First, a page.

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An Equal Opportunity Disaster Hurts Communities Far and Wide

Hurricane Harvey. Photo: Forbes.com

Hurricane Harvey. Photo: Forbes.com

By Jawahar Malhotra

HOUSTON: When Hurricane Harvey came onshore at Matagorda Bay and straight at Rockport, unleashing its Category 3 force winds on the area, it knocked down many structures and hovered there for a couple of days, but its fury didn’t really affect the Houston area. Two days later, we began to be pounded by Harvey’s dirty side, as band after band of rain clouds dumped four to six inches of rain an hour on the five counties that make up the greater Houston area.

Meteorologists had warned us that Harvey may stall and then twirl like a top before heading back out to the Gulf and launching a third landing (the first was over the Yucatan Peninsula) just east of Galveston. We marveled at the precision of their forecasts and stayed glued to the four major local tv channels for minute-by-minute reporting of how places and parts of the region we knew began to take on water and within a day, whole areas became rivers and began to resemble Venice with boats on wide major thoroughfares.

Loads of supplies collected and distributed to the needy by Sewa volunteers.

Loads of supplies collected and distributed to the needy by Sewa volunteers.

Had it not been for a rain band that moved ever so slightly to the east and provided an eight-hour lull in the downpour for a swath of the city on the westside from Freeport to Cypress, the area would have been easily far more inundated than it was and possibly many more people would have had their houses underwater. Though they caught a break, the city’s westside finally got its due when it was flooded – not by the rains, but on purpose – by the release of waters from the Addicks and Barker dams as the reservoirs became dangerously full, threatening people and dwellings on both sides.    

Nearly 7 million people over a 17,000 square mile area felt the effects of torrential rains that brought in over 51 inches of water – trillions of gallons – over a three day period, more than what the entire region gets in a full year. The destruction that was left in wake was so complete that first responders and disaster relief crews were overwhelmed as areas that never had flooded before were now underwater.

Sewa Volunteers help sort the donations.

Sewa Volunteers help sort the donations.

Harvey’s destruction was widespread and covered the parts of the region where the Indian and South Asian community has settled over the past five decades. Some of the enclaves where they have made their homes – Sugar Land, Sienna Plantation, Missouri City, Aliana, Riverstone, Pearland, Friendswood, Meyerland, Memorial, Katy, Cypress, The Woodlands, Kingwood, Humble – all suffered evacuations and massive flooding.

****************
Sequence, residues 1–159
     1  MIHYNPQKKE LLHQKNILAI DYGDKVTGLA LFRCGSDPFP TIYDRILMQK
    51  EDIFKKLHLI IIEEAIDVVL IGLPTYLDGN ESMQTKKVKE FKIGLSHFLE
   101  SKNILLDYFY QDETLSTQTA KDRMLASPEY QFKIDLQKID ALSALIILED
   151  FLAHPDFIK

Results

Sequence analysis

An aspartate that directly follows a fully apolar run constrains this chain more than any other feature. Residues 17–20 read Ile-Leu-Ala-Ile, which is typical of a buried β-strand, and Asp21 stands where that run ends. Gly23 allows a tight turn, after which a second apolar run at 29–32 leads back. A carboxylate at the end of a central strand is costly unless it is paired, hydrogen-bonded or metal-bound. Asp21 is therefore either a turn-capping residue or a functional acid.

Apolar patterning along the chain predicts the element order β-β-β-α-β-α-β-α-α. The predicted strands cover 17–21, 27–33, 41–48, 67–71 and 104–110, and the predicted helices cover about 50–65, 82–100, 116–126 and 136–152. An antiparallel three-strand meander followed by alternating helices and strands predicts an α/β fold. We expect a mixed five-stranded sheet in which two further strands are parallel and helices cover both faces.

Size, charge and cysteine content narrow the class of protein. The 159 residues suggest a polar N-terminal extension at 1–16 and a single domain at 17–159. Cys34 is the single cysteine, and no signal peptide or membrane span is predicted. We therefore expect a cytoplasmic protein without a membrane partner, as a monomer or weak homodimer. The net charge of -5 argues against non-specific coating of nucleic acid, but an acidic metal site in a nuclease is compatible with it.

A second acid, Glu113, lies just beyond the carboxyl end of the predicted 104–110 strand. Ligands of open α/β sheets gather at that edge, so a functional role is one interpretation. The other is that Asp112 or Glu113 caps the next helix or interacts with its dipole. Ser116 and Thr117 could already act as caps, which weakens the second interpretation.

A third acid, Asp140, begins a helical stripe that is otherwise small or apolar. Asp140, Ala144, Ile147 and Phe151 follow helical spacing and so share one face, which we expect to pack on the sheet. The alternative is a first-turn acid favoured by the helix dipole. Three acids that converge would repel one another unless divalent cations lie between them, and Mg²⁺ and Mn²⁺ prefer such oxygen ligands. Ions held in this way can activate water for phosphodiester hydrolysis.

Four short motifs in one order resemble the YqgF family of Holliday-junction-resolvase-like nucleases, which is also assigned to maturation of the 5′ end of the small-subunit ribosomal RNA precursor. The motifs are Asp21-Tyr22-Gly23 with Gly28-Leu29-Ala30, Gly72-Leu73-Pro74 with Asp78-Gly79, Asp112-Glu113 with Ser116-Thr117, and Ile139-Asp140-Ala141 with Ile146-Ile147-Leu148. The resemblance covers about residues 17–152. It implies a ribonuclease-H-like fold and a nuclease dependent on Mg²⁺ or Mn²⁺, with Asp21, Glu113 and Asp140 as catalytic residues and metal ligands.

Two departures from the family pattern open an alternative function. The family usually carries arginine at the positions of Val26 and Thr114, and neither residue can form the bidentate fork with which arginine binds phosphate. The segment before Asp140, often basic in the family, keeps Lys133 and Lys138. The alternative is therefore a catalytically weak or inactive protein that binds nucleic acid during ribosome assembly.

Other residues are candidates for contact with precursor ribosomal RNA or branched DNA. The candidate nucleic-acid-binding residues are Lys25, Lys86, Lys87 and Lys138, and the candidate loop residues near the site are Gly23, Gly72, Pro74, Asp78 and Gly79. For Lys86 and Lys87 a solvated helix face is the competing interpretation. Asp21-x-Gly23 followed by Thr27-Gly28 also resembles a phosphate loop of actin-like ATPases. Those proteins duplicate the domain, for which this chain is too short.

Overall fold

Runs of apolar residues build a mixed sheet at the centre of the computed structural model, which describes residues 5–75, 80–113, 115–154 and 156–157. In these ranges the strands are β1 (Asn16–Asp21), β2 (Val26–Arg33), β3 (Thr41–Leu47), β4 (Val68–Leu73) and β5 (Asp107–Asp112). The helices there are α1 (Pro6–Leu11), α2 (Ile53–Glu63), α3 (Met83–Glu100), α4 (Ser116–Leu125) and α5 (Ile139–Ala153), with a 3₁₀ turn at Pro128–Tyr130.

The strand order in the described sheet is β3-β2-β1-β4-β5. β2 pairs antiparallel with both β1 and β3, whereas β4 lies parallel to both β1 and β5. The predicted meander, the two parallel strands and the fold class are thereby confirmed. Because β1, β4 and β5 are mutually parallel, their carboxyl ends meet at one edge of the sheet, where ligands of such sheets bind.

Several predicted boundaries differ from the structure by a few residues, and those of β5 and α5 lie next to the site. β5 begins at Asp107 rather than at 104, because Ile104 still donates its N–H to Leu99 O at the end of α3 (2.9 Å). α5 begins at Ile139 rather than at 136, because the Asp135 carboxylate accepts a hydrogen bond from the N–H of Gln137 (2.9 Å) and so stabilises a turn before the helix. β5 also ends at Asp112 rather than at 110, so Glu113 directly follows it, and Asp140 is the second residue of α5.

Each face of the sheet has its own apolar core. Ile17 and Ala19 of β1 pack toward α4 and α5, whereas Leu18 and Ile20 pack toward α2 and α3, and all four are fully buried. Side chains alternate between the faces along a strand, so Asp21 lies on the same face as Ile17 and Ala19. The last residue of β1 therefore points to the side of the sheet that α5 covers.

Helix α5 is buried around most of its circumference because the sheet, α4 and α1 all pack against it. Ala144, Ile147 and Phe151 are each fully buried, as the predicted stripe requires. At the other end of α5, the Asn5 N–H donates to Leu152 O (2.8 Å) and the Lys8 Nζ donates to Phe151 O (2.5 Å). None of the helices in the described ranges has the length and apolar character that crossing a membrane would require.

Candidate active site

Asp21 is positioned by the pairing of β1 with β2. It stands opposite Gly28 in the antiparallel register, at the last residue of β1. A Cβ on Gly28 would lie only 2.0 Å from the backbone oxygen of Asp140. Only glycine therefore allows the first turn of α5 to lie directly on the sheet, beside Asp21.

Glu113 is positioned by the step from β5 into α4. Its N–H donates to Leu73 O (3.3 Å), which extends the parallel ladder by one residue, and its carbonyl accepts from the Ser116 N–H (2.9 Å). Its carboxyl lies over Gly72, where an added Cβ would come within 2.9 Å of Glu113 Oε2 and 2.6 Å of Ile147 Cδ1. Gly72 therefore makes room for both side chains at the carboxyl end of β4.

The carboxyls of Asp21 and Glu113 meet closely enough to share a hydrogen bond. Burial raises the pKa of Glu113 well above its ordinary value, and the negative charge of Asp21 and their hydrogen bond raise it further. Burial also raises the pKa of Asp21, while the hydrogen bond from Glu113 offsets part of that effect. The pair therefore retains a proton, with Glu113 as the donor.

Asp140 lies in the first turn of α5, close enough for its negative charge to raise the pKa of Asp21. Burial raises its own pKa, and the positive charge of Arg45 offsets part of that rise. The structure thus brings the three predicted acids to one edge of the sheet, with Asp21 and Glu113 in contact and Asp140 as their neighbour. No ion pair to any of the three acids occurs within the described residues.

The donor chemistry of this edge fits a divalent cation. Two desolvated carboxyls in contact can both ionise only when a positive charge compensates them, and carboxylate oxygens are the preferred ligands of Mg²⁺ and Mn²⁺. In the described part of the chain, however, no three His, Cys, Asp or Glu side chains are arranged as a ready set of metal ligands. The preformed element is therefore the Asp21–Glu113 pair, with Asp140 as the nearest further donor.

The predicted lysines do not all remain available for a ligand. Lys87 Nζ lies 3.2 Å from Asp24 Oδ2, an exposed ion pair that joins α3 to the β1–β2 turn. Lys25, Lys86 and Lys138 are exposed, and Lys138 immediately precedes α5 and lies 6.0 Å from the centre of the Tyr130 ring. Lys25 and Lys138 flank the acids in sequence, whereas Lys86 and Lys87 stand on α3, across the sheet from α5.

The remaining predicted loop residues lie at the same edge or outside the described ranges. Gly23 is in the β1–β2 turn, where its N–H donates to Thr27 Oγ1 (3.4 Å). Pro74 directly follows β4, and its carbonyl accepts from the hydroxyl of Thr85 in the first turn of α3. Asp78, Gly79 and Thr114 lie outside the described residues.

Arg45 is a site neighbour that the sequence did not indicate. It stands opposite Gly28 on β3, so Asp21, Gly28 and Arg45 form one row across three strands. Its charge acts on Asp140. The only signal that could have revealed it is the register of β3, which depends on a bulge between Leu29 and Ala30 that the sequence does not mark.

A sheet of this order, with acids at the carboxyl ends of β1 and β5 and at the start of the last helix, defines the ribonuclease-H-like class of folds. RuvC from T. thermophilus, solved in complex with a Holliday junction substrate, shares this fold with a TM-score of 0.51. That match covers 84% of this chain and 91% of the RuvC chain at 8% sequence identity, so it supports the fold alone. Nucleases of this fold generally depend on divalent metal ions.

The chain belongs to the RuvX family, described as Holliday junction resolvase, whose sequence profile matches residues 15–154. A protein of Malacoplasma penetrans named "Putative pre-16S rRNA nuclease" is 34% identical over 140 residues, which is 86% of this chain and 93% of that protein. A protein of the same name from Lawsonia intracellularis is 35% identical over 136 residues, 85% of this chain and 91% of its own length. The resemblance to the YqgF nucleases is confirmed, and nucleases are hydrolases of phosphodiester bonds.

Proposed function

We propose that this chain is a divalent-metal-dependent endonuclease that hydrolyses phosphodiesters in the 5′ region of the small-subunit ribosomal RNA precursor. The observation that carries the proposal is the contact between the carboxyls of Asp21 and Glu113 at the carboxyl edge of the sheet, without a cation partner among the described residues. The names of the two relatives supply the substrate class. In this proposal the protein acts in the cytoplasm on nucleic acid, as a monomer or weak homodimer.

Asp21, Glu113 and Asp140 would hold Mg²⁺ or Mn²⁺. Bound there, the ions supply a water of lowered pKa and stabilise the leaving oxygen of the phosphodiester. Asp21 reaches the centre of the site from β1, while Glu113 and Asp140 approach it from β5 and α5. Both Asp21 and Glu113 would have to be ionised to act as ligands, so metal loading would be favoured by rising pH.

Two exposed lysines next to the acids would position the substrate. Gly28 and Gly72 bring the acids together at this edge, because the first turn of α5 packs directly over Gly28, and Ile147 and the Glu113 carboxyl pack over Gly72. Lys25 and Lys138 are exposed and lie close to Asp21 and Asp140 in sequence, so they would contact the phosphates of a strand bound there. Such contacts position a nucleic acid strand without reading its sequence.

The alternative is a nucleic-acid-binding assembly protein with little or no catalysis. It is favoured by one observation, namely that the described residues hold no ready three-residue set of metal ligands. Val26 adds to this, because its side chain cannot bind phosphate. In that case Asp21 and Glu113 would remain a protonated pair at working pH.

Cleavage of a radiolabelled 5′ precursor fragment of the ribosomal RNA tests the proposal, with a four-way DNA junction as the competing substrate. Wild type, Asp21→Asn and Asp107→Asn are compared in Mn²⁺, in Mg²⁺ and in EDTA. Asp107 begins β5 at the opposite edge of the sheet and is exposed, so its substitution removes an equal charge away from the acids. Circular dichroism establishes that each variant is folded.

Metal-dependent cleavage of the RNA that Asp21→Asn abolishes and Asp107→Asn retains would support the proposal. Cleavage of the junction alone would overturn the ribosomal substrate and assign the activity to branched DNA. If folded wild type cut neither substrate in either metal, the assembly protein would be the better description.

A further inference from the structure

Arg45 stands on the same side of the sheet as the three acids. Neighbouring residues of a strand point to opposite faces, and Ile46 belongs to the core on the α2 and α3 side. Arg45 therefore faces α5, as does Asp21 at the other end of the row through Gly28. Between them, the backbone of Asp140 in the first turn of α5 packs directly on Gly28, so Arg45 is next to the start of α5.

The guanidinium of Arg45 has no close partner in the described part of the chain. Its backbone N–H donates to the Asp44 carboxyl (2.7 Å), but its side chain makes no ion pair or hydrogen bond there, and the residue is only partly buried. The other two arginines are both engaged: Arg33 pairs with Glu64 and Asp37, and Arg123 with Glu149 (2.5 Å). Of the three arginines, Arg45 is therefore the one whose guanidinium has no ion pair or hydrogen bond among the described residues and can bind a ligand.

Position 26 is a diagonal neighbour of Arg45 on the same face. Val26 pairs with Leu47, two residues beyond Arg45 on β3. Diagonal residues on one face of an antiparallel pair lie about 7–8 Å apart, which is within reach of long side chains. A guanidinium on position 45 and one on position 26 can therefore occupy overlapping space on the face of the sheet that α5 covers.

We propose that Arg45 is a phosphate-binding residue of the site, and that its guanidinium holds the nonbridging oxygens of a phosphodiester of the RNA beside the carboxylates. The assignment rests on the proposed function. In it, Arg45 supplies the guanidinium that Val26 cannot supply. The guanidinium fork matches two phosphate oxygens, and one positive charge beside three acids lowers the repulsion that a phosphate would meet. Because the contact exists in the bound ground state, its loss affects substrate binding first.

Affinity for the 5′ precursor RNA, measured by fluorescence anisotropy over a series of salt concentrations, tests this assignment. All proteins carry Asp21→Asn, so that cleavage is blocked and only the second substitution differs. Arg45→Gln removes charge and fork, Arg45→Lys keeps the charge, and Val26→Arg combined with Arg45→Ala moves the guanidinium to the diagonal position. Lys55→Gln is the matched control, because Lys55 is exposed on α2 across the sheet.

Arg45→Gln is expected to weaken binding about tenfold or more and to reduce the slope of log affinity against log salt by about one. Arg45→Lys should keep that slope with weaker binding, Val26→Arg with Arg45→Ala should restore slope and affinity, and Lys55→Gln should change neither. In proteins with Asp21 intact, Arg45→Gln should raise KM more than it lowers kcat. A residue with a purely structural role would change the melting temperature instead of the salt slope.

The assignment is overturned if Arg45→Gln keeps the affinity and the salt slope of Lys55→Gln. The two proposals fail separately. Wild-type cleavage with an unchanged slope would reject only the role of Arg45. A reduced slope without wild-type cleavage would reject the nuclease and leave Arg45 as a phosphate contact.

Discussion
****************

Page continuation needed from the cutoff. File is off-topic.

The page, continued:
Many a desi family was forced out either on their own or on boats and we saw their familiar faces on fleeting screen shots on tv or on social media. The storm affected people rich and poor alike and brought people together at evacuation shelters like never before. Businesses were closed and the effect on the local economy was measured in the billions.

Sewa Volunteers handing over supplies, to the shelters.

Sewa Volunteers handing over supplies, to the shelters.

This was the first hurricane that hit the region that was tracked so completely by social media as Facebook and WhatsApp lit up with reports by the minute of conditions all across the region. Several commonly used WhatsApp groups exploded with reports of evacuations and relief efforts and ad hoc virtual donation centers were set up. And the desi community opened its heart to everyone which was suffering. India House Executive Director Vipin Kumar was forced to evacuate his flooded house by boat. Anjali Center for Performing Arts building was completely damaged.    

One group that set up two days before Harvey’s landfall was Seva International’s Houston Chapter. The multi-national organization relied on its experience in dealing with many natural disasters – most recently the massive floods last year in Chennai – to get their logistics assembled and relief camps deployed. Houston Chapter President Gitesh Desai’s house and two cars were flooded out and he was forced to evacuate but the teams continued to function, rescuing at least 683 people, according to area coordinator Vasudeva Singh. SI opened 15 WhatsApp groups and 15 Neighborhood groups of 150 people each. With over 800 volunteers, they spent over 20,000 volunteer hours helping people, served over 10,000 meals, and brought in 10 truckloads of food and supplies.

After the storm moved through other group sprang into action. Shiv Shakti Mandir held a massive donation and relief effort. Local area restaurants opened up their doors for free food to those who were now homeless. Madras Pavilion’s Rajan Radhakrishnan and Mahesh Shah dashed to the George Brown Convention Center to provide free meals to 650 people. Indian and International students from the University of Houston rushed to help with clean up. The Sikh National Center received trucks of supplies from across the country from other Sikh communities, as far away as Yuba City, California, according to spokesman Bhai Amar Singh. And a fund raising effort is underway to collect $1 million for rebuilding and relief efforts.

For the first time in 37 years, Indo American News missed a week of publication as its office location and staff were caught up in the flooding.

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